Natural magnets occur in many areas of the world and have been used in China since at least 2,600 BC. These natural magnets are no longer used because it is easy to make artificial magnets. Electromagnets exist only as long as the electricity is on. Non-electric artificial magnets can be more permanent--depending on the material that is used to make them.
Create an artificial magnet by using electricity. When electricity flows through a wire--for example, when the wire is connected to a battery--a magnet field is generated around the wire. You can intensify this magnetic field by coiling the wire so that the overlapping magnet fields reinforce each other. The coil is an artificial magnet as long as the electricity is flowing.
Insert a metallic core into the coil of wire to concentrate the magnetic field. This system of power supply and coil of wire around a metallic core is known as an electromagnet. For most common metallic cores, most of the magnetism goes away when the electricity is turned off.
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Construct an electromagnet by attaching both ends of a long wire to a battery and then coiling the center part of the wire around a large nail or a metallic bolt. When both ends of the wire are attached to the battery and electricity is flowing, the metallic core will act like a magnet--picking up small metallic objects. When the circuit is broken--by disconnecting a wire--the small objects will fall. The electromagnet is a magnet only as long as the electricity is flowing.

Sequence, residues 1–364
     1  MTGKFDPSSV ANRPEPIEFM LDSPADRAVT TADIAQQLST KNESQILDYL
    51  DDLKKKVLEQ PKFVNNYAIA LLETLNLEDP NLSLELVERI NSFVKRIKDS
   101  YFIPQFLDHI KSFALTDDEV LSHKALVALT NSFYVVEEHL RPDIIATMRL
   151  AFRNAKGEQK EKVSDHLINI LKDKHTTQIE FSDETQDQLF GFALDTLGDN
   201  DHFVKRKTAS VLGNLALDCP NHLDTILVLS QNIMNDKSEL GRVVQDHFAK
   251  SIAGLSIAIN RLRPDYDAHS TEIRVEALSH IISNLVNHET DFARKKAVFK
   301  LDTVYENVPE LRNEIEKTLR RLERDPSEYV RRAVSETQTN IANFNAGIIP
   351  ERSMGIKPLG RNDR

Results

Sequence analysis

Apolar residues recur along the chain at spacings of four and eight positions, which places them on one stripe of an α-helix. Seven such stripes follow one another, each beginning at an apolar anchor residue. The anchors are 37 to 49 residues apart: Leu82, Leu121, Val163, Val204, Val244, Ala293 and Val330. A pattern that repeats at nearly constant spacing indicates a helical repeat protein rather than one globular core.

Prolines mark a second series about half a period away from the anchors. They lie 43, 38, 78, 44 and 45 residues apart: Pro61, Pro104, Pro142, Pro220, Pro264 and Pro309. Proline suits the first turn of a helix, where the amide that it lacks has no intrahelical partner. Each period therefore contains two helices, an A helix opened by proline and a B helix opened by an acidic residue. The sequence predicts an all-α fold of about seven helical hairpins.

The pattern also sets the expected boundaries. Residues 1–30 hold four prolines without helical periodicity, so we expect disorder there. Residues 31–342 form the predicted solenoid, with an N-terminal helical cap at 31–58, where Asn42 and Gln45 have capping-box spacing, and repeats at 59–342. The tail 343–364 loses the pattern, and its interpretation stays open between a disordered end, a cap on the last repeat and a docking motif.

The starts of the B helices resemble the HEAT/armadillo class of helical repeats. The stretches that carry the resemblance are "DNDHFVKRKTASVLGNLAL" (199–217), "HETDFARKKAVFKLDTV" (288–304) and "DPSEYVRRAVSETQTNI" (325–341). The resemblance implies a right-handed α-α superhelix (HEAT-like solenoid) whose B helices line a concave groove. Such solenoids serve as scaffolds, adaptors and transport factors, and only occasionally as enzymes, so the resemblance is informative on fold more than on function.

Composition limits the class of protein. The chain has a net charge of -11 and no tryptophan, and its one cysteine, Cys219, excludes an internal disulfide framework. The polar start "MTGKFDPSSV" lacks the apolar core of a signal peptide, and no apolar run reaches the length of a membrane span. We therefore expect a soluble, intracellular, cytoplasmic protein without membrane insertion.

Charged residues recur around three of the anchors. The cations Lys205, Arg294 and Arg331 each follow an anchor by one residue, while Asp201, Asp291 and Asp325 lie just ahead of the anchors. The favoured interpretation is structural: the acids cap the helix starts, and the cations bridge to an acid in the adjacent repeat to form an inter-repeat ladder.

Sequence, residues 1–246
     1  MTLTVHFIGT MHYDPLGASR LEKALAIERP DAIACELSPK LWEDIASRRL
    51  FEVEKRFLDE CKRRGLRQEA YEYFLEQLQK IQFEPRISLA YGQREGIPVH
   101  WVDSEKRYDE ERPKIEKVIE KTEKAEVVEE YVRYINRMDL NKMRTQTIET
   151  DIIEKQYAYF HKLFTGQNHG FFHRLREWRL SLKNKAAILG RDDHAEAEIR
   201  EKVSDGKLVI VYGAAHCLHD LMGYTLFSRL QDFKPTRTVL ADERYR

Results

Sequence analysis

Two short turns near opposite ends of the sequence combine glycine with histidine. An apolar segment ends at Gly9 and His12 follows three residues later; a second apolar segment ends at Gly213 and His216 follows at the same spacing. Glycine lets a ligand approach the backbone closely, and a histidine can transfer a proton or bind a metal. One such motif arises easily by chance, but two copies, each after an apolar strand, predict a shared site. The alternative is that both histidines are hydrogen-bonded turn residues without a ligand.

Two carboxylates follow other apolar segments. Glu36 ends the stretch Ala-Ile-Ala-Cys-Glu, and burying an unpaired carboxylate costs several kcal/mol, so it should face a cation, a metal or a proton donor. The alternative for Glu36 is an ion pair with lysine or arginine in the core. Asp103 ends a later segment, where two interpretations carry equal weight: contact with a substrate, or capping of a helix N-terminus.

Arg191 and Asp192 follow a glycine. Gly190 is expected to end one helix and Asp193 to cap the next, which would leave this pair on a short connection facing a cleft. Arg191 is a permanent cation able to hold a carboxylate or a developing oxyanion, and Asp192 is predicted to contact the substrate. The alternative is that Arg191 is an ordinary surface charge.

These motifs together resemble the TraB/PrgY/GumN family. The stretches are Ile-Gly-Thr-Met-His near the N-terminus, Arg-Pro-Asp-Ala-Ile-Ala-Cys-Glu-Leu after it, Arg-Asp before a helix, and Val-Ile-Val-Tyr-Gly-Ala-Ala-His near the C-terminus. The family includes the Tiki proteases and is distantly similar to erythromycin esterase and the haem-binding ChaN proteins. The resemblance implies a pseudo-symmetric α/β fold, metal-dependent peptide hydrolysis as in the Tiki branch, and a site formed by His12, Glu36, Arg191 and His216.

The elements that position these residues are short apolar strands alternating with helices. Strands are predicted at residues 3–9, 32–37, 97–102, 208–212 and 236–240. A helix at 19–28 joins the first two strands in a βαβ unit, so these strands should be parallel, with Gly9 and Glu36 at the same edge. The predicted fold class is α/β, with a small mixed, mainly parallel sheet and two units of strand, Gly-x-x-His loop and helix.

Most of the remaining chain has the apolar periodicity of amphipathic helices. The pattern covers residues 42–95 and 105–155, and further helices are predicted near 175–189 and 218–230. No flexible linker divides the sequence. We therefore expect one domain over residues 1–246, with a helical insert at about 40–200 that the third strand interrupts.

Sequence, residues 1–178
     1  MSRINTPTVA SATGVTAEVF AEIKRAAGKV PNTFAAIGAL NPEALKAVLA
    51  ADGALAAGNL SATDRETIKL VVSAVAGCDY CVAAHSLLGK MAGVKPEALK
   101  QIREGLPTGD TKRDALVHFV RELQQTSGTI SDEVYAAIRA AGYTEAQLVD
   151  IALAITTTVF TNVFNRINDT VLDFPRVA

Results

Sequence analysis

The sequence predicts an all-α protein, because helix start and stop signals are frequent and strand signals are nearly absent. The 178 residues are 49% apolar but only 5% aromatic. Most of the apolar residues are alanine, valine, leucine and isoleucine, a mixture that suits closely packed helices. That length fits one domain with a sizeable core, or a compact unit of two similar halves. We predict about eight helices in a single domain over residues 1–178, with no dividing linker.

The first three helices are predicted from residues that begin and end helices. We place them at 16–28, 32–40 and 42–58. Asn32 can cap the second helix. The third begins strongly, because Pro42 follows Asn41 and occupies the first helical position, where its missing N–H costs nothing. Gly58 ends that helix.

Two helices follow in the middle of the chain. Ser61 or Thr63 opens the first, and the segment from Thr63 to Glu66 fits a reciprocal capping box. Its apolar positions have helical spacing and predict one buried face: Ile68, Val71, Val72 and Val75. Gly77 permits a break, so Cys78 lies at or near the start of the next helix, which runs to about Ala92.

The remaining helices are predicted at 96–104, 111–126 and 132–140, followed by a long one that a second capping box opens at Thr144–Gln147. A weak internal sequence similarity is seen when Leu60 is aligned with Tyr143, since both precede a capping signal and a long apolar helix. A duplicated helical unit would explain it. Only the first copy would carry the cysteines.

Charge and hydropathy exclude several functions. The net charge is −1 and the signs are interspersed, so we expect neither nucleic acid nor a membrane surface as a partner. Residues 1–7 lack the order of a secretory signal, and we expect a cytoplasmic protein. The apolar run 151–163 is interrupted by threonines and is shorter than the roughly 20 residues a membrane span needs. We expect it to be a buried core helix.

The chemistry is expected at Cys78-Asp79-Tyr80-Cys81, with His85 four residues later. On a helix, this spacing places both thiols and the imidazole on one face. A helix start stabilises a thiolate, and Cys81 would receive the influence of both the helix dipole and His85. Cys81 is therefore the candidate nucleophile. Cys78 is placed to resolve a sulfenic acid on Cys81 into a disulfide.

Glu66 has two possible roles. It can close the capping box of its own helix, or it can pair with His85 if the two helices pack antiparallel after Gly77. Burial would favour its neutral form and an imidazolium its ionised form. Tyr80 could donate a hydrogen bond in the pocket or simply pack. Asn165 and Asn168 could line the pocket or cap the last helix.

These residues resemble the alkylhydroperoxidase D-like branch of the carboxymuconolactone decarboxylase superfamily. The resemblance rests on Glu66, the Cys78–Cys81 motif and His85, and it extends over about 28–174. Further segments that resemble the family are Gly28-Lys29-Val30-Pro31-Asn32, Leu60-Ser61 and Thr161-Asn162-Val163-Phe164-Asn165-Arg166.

Make a more permanent artificial magnet by choosing a specially designed substance to make an electromagnet. Two of these substances are alnico and permalloy. If you make an electromagnet using one of these substances--and leave the electromagnet turned on for a while--the core remains magnetic after the electricity is turned off.
The more winds of wire in the coil of an electromagnet the stronger the magnet will be. The higher the current is in the wire surrounding the core of an electromagnet, the stronger the magnet will be.
Do not use alternating current (AC) to create an electromagnet. With AC the current flow reverses many times a second and so the magnetic field also reverses many times a second. Direct current (DC) is better for making magnets. If you are trying to make a really strong artificial magnet you should be careful not to put too much current through the wire as too much current can heat the wires to the melting point. It is better to create strong magnets with more turns of wire around the core--possibly in several layers.